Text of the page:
Reproduced with permission from Bacha EA et al.1

Reproduced with permission from Bacha EA et al.1

Cervical Injury. Damage to the larynx and cervical trachea from blunt injury may include fracture with or without displacement of the hyoid, the supraglottic larynx, the infraglottic larynx, the cricoid cartilage, and the cervical trachea (Figure 9-1). A variable amount of trachea may be elevated into the neck by cervical hyperextension at the time of injury, depending on the age of the patient. In the young, the larynx may be severely contused or otherwise injured without actual fracture of the more flexible cartilages. In older patients, stiffening and calcification render the larynx more vulnerable to fracture. Mucosal tears and avulsions are seen. Vocal cords and arytenoids may be torn and displaced. It is important to consider the spectrum of possible injuries when examining an acutely traumatized patient.4 Separation of the airway may be partial or complete. The points of actual rupture of the cervical airway are most commonly between the cricoid and trachea and in the upper trachea. Blunt trauma rarely produces clean cuts, but rather produces complexes of injuries, including, for example, cricotracheal separation with concurrent fracture of the cricoid cartilage, and avulsion of mucosa from the anterior surface of the posterior cricoid plate (Figure 9-2).

In 19 patients with laryngotracheal disruption, 11 due to direct impact and 8 due to strangulation, Couraud and colleagues identified 14 complete separations below the cricoid or first ring.3 Nine cricoid fractures were seen. The mucosa retracted in all patients to expose cricoid cartilage. One or both recurrent laryngeal nerves may be temporarily or permanently damaged. Fourteen of Couraud's patients suffered bilateral recurrent nerve damage and 4 were unilateral. Concomitant tears of the esophagus may occur. Avulsion of the trachea from the cricoid may be accompanied by transverse laceration of the anterior esophagus from the pharynx, where it is attached to the cricoid posteriorly, or by completely circumferential separation. Subluxation of cervical vertebrae, with or without injury to the spinal cord, may occur concomitantly. With penetrating wounds of the neck and thoracic inlet, and even with blunt trauma, the spectrum of potential injuries includes major vascular injuries.

Penetrating cervical wounds, chiefly due to stab or gunshot wounds, may injure the trachea as one of several structures damaged. Bilateral recurrent laryngeal nerve division is less common than in complete tracheal separation due to blunt injury. Although dissenting voices are raised, surgical exploration of penetrating cervical wounds still seems to be the judicious course.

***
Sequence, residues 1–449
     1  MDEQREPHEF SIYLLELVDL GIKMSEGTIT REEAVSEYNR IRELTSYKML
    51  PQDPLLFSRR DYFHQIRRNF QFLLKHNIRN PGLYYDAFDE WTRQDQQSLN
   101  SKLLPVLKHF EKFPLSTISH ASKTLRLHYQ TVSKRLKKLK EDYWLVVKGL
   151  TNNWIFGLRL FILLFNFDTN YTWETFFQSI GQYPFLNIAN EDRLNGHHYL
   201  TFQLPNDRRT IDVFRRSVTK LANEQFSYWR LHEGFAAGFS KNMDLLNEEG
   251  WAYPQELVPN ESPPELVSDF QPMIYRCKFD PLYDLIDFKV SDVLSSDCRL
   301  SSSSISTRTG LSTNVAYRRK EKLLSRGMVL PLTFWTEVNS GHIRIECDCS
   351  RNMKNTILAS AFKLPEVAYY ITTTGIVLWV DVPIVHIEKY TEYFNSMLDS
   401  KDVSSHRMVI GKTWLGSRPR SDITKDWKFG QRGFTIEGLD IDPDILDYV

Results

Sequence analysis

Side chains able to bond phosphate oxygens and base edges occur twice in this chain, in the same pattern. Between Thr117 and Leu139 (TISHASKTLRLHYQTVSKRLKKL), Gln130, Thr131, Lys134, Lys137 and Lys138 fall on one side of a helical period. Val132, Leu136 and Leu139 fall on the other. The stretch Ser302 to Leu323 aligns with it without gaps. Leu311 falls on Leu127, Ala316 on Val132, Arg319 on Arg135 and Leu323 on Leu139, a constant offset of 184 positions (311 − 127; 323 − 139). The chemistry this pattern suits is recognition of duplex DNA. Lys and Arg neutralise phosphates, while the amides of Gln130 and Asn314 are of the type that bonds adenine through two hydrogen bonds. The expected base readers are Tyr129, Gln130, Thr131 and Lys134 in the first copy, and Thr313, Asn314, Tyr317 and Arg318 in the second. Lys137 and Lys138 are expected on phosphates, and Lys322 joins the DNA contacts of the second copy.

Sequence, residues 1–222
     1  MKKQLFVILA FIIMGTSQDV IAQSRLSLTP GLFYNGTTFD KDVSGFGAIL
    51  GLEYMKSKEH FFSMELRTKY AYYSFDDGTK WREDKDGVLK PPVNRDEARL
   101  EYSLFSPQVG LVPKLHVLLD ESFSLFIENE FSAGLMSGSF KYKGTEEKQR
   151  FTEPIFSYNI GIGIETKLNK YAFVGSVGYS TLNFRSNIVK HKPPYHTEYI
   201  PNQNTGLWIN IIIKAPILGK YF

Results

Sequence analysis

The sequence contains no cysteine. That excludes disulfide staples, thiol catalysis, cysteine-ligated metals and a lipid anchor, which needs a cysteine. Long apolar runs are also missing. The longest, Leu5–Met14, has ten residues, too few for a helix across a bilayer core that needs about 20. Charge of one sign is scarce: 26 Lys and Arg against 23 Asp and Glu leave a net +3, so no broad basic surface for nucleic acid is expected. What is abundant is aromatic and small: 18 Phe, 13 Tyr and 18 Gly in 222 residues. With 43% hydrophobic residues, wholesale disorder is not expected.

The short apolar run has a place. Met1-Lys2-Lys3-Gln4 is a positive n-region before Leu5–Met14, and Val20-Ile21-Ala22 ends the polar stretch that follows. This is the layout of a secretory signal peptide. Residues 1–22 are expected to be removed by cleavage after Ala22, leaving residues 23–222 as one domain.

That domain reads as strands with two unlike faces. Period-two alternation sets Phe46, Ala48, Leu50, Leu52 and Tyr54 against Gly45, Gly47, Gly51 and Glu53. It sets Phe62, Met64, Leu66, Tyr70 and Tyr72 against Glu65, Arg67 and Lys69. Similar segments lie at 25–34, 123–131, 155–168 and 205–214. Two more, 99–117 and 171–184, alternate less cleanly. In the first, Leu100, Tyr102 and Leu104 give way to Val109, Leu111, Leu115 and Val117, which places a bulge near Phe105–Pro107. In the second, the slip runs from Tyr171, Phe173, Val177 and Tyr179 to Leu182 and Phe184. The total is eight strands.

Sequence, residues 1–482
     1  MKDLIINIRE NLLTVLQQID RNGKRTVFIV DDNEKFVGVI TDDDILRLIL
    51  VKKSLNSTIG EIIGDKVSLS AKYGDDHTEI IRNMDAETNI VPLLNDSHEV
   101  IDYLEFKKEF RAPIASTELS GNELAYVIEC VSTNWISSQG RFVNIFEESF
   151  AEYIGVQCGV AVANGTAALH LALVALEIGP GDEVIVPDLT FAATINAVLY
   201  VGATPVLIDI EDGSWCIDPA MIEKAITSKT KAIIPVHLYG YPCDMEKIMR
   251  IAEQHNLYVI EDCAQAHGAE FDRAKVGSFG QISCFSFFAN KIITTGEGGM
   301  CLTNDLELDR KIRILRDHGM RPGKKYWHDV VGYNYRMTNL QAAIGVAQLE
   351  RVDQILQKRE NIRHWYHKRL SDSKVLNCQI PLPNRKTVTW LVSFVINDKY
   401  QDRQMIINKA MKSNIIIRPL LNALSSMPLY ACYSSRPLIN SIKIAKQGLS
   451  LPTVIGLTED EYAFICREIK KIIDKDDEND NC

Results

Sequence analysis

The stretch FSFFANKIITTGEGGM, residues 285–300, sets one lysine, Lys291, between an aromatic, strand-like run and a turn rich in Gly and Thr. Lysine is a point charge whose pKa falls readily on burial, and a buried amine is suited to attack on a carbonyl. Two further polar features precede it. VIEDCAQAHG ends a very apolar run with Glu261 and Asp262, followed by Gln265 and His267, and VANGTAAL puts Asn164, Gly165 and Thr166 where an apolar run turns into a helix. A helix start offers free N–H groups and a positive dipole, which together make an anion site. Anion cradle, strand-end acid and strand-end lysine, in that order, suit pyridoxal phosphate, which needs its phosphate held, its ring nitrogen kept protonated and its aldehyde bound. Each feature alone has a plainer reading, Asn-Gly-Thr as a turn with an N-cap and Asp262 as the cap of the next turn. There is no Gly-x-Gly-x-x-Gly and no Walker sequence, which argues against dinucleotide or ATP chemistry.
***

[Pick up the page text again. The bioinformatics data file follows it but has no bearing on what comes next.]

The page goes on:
Thoracic Trachea and Bronchi. Fracture or laceration of the thoracic trachea, carina, or main bronchi following closed chest injury may be seen in children and young adults without rib or sternal fractures. The young thorax can absorb major compressive trauma and rebound without skeletal fractures. In the older patient, clavicular and upper rib fractures and the number of rib fractures correlate with the likelihood of tracheobronchial injury.5 It is likely that a sudden increase of intrabronchial pressure against the closed glottis, or rapid deceleration, produces some airway injuries. Blunt injuries to the thoracic trachea are most common in the lower trachea and vary widely from complete transection to a partial horizontal tear. Vertical splitting of the trachea from the carina upward occurs, running anteriorly through cartilages and/or posteriorly up the membranous wall, either in its center or laterally along the junction with the cartilages. Injury to the lower trachea may be accompanied by partial or complete shearing of one or both main bronchi.

figure 9-1 Cervical laryngotracheal blunt trauma. A, Supraglottic tears and fractures. B, Transglottic injuries. C, Cricoid fracture. D, Avulsion of trachea from cricoid. E, Laceration or tear of trachea. Adapted from Harris HH. Management of injuries to the larynx and trachea. Laryngoscope Ï972;82:Ï924-9.

figure 9-1 Cervical laryngotracheal blunt trauma. A, Supraglottic tears and fractures. B, Transglottic injuries. C, Cricoid fracture. D, Avulsion of trachea from cricoid. E, Laceration or tear of trachea. Adapted from Harris HH. Management of injuries to the larynx and trachea. Laryngoscope Ï972;82:Ï924-9.